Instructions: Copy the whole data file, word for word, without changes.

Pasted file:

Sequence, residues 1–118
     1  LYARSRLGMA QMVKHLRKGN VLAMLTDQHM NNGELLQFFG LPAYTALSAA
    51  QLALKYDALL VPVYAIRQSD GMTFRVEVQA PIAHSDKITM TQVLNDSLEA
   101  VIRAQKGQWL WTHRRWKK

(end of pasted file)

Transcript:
Sequence, residues 1–118
     1  LYARSRLGMA QMVKHLRKGN VLAMLTDQHM NNGELLQFFG LPAYTALSAA
    51  QLALKYDALL VPVYAIRQSD GMTFRVEVQA PIAHSDKITM TQVLNDSLEA
   101  VIRAQKGQWL WTHRRWKK